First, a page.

Read Chickens Eat Pasta by Clare Pedrick Online


Not just another romance, but a story of escapism, coincidences, friendship, luck and most of all... love.Chickens Eat Pasta is the tale of how a young Englishwoman starts a new life after watching a video showing a chicken eating spaghetti in a mediaeval hill village in central Italy. “Here I was, 26 years old, alone and numb with boredom at the prospect of a future whichNot just another romance, but a story of escapism, coincidences, friendship, luck and most of all... love.Chickens Eat Pasta is the tale of how a young Englishwoman starts a new life after watching a video showing a chicken eating spaghetti in a mediaeval hill village in central Italy. “Here I was, 26 years old, alone and numb with boredom at the prospect of a future which until recently had seemed to be just what I wanted.”Unlike some recent bestsellers, this is not simply an account of a foreigner’s move to Italy, but a love story written from the unusual perspective of both within and outside of the story. As events unfold, the strong storyline carries with it a rich portrayal of Italian life from the inside, with a supporting cast of memorable characters. Along the way, the book explores and captures the warmth and colour of Italy, as well as some of the cultural differences – between England and Italy, but also between regional Italian lifestyles and behaviour. It is a story with a happy ending. The author and her husband are still married, with three children, who love the old house on the hill (now much restored) almost as much as she does. Chickens Eat Pasta is Clare’s autobiography, and ultimately a love story – with the house itself and with the man that Clare met there and went on to marry. If you yearn for a happy ending, you won’t be disappointed. It’s a story that proves anything is possible if you only try....

Title : Chickens Eat Pasta
Author :
Rating :
ISBN : 9781784623517
Format Type : Paperback
Number of Pages : 224 Pages
Status : Available For Download
Last checked : 21 Minutes ago!

Chickens Eat Pasta Reviews

  • Italo Italophiles
    2020-01-14 05:56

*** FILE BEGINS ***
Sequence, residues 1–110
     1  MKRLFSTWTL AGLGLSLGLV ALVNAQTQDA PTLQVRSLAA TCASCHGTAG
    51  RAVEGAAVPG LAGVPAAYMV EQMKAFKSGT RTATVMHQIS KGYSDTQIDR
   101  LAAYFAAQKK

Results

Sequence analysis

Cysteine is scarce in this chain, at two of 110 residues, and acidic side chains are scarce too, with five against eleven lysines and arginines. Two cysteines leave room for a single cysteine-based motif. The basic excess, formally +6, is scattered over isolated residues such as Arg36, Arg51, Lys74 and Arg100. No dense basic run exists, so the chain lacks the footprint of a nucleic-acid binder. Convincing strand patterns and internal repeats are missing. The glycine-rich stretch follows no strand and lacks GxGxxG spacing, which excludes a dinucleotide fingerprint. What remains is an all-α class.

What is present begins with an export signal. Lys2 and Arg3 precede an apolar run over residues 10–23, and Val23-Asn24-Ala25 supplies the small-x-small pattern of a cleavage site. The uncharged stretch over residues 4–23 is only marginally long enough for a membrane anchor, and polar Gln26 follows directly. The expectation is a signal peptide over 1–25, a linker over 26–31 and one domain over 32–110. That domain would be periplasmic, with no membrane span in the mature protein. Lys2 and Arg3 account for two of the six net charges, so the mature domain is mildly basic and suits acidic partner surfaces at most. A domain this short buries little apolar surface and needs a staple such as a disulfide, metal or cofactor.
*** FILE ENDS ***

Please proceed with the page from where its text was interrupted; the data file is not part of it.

This memoirs describes an English woman's emigration to Umbria, Italy, in the 1980s. She purchases a ruin there, has it restored, becomes an active member of a small village, builds an ex-pat career in journalism, and falls in love with and marries an Italian. Intelligently, the author spoke Italian before emigrating, and she had a career that could move with her, with some effort: journalism.The book is very well-written, which is not surprising, since the author is a professional writer. I thought the playing around with the timeline unnecessary, though, which was likely done to create some suspense in the account. But when the book's description, and the author's biography tells the ending of the true story, the suspense is really non-existent no matter how the story is told.Her choice, that started as an adventure, quickly gets bogged down in the realities of life in impractical Italy, especially Italy in the '80s. It doesn't help that her ruin is in rural, poor, and I'm sorry to say, backward, isolated Umbria. Some of the lives she describes are painful to read about, because of the archaic nature of the values, economics and roles of women.There was one sour note in the book for me, too, when the crassness of professional journalists came through. The author states happily that she found financially lucrative the Achille Lauro hijacking, since the American Mr. Klinghoffer was murdered by the hijackers making the American press eager to buy her stories about the hijackers.The author does explain why there are so many abandoned rural properties in Italy:"Most Italians these days want something modern and clean...and they think these old places are a sign of poverty."And she shares what everyone who attempts to live in Italy for any length of time discovers:"How complicated life was in this country, where there seemed to be rules at every turn just waiting to trip you up. No wonder it was so important to have friends in the right places."Actually, the book is about many of those friends of the author. We learn that they smoothed her path in Italy quite a bit in the beginning. We also learn much about their characters, dramas, and private lives.That leads to the main thing I missed in the book, a Preface that might have explained that names had been changed to respect the privacy of the many people in the book, whose private moments are repeated for the entire world as entertainment.I've since learned that the name of the village was changed, so I'm hoping the names of people were changed too, because the thought of that not being the case makes me cringe with discomfort for those described.It does seem odd, however, that the author bothered to change the name of the village when on the ad pages for her vacation apartments that she rents out in her Umbrian villa she mentions this book about the villa's purchase.Also missing is a mention of the years covered in the book, which by my estimate are roughly the 1980s. I lived in Italy during the same period, and spent some of that time in Umbria, so I know that what the author describes is very accurate. Her memoirs act as a time-capsule of that era.The last thing I missed was an explanation of how, after thirty plus years, the author could honestly include so many minute details in her memoirs, such as dining menus and people's outfits and their precise words from conversations. Perhaps she kept a journal? Perhaps it was fictionalized? I don't know, because we're never told how the book came to exist, and to exist in such implausible detail.I don't wish this review to come over as negative, because the book was well-written, and it describes an era in Italy and Umbria that has most likely come to an end. The Internet age, and an invasion of Italy by retirees, ex-pats and tourists has quite likely brought and end to the isolation described in rural Italy. The book immerses the reader in the era and the story, peppering it with local characters and vignettes about their lives. The account of her mixed culture relationship with a Neapolitan is also very realistic, and would be an excellent warning to those women who dream of running off to Italy to marry an Italian.Relationships are difficult enough without throwing into the mix all the little misunderstandings that come about from cultural differences, and all the major roadblocks that come from interventions by families and friends who think they know best. It takes wisdom, patience and understanding on top of a strong love, to make those relationships work. Please visit my full and illustrated review at Italophile Book Reviews.http://italophilebookreviews.blogspot...